SeMCys was also investigated in another experiment.[36] Tissue samples from six GO patients and six normal ones were collected and preincubated for 2 days at 37°C with a medium containing a 10 μM concentration of SeMCys hydrochloride, then treated with a concentration of 50 μM H2O2. Increased GSSG, apoptosis, and lactate dehydrogenase as a measure of necrosis were counteracted by SeMCys with no differences between GO and control fibroblasts.

Tissue samples from 6 TED patients and 6 patients with other conditions lacking fibroadipose tissue were treated with retinol, β-carotene, and Vitamin E at various concentrations.[37] β-carotene significantly decreased the raised H2O2-induced proliferation in TED but not the control fibroblasts. Retinol and Vitamin E had no effect. None had a significant effect on HA. Among TNFα, IL1 β, IFNγ, and endogenous cytokines which are involved in the pathogenesis of TED, IL1 β was the only responder to all the three antioxidant substances. Its H2O2-dependent rise significantly reduced in both TED and control fibroblasts.

Antioxidant effects of Vitamin C, NAC, and melatonin on primary cultures of 6 TED patients and 6 normal individuals were evaluated.[38] Vitamin C and NAC reduced H2O2-induced proliferation in TED fibroblasts. Melatonin and NAC decreased IFNγ in the TED fibroblasts.

Obtained orbital adipose/connective tissue samples from seven GO patients and five individuals with noninflammatory problems were studied to determine the effect of Se in the form of sodium selenite at various concentrations.[39] Hyaluronan, ROS production, and inflammatory cytokines including IL1α, IL1 β, IL6, IL8, and TNFα concentrations were measured and showed that serum Se suppressed hyaluronan production, IL1α, and TNFα in cultured orbital fibroblasts of patients with GO in a dose-dependent manner while suppression intracellular ROS generation and IL8 were not dose-dependent. IL1 β and IL6 were not suppressed by sodium selenite in cultured GO orbital fibroblasts.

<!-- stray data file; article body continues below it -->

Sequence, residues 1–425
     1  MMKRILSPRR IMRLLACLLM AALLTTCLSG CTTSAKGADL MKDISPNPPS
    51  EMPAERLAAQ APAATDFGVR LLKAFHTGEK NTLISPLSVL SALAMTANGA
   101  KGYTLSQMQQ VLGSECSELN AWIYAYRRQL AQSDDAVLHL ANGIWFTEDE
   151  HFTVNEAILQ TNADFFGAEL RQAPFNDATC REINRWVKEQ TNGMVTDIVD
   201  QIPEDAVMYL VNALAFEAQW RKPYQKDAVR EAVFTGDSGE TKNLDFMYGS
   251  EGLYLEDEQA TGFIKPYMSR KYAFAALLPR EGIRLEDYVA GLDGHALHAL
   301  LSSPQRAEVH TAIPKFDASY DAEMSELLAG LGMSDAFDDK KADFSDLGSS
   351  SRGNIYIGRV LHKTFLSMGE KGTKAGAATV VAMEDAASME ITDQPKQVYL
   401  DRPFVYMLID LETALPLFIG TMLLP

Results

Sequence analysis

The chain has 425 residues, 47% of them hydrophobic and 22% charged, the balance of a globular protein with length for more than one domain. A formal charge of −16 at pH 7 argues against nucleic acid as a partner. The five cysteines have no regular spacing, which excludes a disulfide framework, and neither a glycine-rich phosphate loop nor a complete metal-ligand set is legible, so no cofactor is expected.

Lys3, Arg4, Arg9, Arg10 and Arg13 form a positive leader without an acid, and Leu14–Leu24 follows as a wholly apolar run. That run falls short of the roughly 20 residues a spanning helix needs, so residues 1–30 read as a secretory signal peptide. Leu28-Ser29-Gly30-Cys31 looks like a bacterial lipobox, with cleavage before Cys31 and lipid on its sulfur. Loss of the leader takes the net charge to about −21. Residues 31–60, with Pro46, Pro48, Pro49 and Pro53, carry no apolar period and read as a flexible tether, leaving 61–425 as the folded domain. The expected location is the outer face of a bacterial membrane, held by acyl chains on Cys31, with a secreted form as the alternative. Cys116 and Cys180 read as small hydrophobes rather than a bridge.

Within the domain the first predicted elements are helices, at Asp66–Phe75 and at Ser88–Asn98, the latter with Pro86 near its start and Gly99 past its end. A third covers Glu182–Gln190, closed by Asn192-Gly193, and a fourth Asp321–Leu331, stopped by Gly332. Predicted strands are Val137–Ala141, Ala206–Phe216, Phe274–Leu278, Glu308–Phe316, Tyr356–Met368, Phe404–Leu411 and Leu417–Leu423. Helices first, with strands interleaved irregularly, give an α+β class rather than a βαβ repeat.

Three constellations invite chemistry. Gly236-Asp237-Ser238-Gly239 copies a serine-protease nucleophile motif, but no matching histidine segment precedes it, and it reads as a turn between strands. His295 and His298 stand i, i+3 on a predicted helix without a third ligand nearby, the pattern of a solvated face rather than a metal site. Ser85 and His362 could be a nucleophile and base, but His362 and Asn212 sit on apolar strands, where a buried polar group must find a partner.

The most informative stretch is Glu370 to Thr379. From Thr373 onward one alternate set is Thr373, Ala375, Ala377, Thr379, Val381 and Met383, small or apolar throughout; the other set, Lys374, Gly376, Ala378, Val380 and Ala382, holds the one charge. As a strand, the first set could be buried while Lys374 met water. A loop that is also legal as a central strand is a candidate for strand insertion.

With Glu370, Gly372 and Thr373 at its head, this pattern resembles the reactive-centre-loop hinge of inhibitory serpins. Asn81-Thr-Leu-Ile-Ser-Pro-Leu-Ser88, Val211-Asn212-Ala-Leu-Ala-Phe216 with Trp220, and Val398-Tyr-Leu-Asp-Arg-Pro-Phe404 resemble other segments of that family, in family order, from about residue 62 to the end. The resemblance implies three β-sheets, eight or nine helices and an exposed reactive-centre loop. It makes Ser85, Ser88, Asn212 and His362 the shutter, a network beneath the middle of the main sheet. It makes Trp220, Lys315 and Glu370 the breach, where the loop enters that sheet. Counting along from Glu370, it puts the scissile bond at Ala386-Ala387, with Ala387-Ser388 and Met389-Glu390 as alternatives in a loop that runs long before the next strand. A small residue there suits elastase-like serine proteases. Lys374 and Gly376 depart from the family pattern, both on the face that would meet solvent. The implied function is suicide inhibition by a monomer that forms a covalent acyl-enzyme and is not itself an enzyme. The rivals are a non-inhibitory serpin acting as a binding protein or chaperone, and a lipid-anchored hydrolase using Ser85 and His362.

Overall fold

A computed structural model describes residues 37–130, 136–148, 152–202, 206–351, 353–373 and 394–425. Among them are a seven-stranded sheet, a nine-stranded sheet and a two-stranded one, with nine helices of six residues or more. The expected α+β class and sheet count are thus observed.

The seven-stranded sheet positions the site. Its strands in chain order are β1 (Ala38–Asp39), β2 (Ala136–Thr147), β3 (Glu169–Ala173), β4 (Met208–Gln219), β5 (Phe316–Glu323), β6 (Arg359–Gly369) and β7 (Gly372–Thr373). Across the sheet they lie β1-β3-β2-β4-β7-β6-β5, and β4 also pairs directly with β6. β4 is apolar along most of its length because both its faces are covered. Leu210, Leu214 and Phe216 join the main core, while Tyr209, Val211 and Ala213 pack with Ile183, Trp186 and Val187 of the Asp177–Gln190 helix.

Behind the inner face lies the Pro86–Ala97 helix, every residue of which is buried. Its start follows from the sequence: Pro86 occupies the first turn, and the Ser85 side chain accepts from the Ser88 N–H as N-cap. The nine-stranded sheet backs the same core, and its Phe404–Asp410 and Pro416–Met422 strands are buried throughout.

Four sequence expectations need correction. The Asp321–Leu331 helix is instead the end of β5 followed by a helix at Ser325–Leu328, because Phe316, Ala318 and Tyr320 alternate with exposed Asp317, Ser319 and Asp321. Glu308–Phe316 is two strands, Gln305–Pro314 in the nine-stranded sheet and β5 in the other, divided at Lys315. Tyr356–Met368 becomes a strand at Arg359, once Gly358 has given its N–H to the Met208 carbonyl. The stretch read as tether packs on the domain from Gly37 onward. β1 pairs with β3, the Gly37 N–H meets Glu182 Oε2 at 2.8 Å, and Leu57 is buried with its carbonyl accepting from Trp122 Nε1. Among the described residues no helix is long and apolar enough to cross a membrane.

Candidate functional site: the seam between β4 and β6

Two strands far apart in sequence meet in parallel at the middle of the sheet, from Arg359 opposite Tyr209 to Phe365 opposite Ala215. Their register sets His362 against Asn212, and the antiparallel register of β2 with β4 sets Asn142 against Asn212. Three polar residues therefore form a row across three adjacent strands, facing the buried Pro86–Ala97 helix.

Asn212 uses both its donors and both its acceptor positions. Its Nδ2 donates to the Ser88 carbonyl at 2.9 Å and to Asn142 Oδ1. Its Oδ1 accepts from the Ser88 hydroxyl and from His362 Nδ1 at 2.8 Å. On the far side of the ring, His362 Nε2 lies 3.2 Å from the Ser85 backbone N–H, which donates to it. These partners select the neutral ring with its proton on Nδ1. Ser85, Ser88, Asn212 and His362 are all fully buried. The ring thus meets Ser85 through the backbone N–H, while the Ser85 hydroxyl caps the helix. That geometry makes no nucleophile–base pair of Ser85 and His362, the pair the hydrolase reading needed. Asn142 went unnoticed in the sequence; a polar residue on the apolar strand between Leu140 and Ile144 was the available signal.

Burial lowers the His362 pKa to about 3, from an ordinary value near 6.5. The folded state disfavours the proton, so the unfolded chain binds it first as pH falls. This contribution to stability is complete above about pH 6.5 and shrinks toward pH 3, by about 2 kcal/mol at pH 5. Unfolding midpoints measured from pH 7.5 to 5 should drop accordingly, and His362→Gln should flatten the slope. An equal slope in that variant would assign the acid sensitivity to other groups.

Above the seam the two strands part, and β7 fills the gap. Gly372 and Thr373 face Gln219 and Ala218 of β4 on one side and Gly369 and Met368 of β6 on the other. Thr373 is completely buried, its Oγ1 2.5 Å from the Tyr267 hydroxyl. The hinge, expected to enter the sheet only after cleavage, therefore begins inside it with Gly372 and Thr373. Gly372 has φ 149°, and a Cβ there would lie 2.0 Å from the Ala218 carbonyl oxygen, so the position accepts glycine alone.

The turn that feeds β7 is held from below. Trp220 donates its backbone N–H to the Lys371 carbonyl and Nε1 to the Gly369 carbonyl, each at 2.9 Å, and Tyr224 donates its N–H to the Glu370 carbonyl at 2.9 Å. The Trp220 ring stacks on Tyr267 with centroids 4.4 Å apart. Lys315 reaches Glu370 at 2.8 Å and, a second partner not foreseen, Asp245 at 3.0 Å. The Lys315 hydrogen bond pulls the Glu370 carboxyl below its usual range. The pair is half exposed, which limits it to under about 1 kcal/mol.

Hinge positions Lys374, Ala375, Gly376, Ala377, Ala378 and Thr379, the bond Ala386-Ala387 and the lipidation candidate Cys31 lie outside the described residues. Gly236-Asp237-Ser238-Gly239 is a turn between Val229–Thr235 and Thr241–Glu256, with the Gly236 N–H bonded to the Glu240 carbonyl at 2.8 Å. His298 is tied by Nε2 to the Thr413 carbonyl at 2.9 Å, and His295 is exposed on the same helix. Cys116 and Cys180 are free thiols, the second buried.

Se and selenoprotein P (SePP) concentrations were assessed against clinical activity score (CAS) and severity status (based on NOSPECS [No sign or symptoms, only signs, soft tissue involvement with symptoms and signs, proptosis, extraocular muscle involvement, corneal involvement, sight loss]) as well as concentrations of thyroid stimulating hormone (TSH) receptor autoantibody (TRAB) or IGF1 receptor (IGF1R-aAB) autoantibodies in 31 mild and 53 moderately severe TED patients.[24] Se level did not significantly correlate with thyroid hormone concentrations, activity, and the severity of TED. Se or SePP concentrations were significantly different among the patients with mild versus moderately severe and active versus inactive TED. A significant inverse correlation was reported between serum Se and TRAB. This was not significant for the SePP. There were also no connections between IGF1R-aAB levels and serum SePP/serum Se concentrations.

In 2017, Federige et al.[25] studied and compared Se and SePP values in patients with GD with and without GO, Hashimoto's thyroiditis (HT) patients and in control individuals. Although serum Se levels were similar among all groups, SePP serum was lower in GO and HT patients compared to the control group.

Serum trace elements were assessed in four groups of newly diagnosed GD patients, GD and GO patients in euthyroid status or subclinical thyroidism after treatment, and normal controls in a population in northeast China.[26] Among evaluated elements, serum Se levels in three first groups were significantly lower than those in normal individuals and serum copper levels were significantly low only in the GO group than those in normal ones.